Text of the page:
A key feature of Russell Reynolds’ cultural imaging approach is that employees never have to respond directly to questions about potentially incriminating or embarrassing behavior. Instead, sensitive statements are bundled with neutral, odds-based statements (such as dice rolls or relatives’ birthdates) and employees simply indicate whether any of the statements are true. This survey design makes it impossible for anyone to know the respondent’s true attitudes or behaviors, while providing enough information to calculate precise group-level estimates of behavior. 

Key Features of RRA's Culture Analytics Approach

  • Psychological Safety

A brief tutorial at the start of the survey helps respondents understand how and why their answers will not be traceable to them individually. 

  • Randomized Response

Sensitive statements are bundled with neutral, odds-based statements; respondents can indicate how many statements are true without specifying which ones.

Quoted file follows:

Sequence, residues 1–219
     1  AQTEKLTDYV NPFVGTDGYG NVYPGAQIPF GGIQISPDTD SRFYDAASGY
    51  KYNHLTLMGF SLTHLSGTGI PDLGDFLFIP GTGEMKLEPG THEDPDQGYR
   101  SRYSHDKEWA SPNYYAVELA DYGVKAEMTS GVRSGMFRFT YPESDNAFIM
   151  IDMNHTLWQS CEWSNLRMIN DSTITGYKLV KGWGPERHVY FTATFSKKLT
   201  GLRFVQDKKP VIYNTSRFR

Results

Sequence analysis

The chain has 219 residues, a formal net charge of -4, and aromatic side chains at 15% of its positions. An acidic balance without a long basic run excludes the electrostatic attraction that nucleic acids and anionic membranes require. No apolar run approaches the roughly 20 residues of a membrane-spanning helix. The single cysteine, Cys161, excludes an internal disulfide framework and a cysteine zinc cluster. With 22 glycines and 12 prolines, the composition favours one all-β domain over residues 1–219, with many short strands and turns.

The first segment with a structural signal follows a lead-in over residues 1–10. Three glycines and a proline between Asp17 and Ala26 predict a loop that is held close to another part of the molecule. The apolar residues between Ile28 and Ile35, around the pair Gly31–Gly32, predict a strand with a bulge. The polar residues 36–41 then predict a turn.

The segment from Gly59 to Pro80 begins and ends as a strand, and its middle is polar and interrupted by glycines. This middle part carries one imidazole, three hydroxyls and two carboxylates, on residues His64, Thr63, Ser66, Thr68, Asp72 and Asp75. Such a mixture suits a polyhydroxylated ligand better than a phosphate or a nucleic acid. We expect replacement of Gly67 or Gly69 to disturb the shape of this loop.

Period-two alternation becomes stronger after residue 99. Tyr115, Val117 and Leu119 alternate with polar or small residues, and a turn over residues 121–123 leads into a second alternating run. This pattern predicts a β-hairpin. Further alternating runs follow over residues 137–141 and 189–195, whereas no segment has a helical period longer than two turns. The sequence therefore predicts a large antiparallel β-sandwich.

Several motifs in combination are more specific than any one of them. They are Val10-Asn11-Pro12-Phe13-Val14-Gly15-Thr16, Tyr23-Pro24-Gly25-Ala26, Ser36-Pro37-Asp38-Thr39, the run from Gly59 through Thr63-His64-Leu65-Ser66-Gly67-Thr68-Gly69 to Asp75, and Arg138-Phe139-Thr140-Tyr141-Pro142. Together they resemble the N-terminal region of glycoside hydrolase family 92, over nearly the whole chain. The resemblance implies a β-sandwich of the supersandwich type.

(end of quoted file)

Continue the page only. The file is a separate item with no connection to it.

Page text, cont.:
• Advanced Statistical Techniques

Sophisticated algorithms translate survey data into actionable information using probabilities to determine group-level estimates. 

  • The Full Picture

Results offer a complete, multidimensional “cultural MRI” revealing the degree of alignment among leadership values, employee values, and lived experiences, as well as the degree of alignment across business or demographic groups. 

Toward a higher method for scanning culture

Taking a closer look at culture often means bearing difficult news, as leaders learn that compliance with desired norms is a bigger challenge than they may have believed. Yet failing to acknowledge these gaps is ultimately more painful and potentially destructive than proactively uncovering them. In fact, leadership is often the key enabler (or obstacle) to a strong culture, and the benefits it can produce. Leaders who are not afraid to confront hard truths are essential to building resilient cultures that sustain high performance over time. 

We recommend these critical steps as starting points to gaining this authentic understanding: 

  • Clarify The Strategy-Culture Connection:  

As a leadership team, it is essential to align on the organization's strategic direction and the culture required to enable it. This starts by getting crystal clear on the "cultural truths" that need to exist and being explicit on how they link to strategic imperatives.